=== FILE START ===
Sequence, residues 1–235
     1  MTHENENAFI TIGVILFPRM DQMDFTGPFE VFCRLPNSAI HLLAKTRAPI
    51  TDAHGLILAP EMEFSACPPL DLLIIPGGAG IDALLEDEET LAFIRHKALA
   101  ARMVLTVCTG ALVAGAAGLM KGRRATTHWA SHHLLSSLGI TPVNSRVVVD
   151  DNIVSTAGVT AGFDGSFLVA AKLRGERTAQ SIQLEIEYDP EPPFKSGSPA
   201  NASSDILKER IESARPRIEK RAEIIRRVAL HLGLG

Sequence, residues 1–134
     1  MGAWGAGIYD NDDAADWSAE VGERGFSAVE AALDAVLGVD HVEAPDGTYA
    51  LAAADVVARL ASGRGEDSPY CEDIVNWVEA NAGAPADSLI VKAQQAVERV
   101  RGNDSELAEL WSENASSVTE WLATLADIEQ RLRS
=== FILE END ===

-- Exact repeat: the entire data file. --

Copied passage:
Sequence, residues 1–235
     1  MTHENENAFI TIGVILFPRM DQMDFTGPFE VFCRLPNSAI HLLAKTRAPI
    51  TDAHGLILAP EMEFSACPPL DLLIIPGGAG IDALLEDEET LAFIRHKALA
   101  ARMVLTVCTG ALVAGAAGLM KGRRATTHWA SHHLLSSLGI TPVNSRVVVD
   151  DNIVSTAGVT AGFDGSFLVA AKLRGERTAQ SIQLEIEYDP EPPFKSGSPA
   201  NASSDILKER IESARPRIEK RAEIIRRVAL HLGLG

Sequence, residues 1–134
     1  MGAWGAGIYD NDDAADWSAE VGERGFSAVE AALDAVLGVD HVEAPDGTYA
    51  LAAADVVARL ASGRGEDSPY CEDIVNWVEA NAGAPADSLI VKAQQAVERV
   101  RGNDSELAEL WSENASSVTE WLATLADIEQ RLRS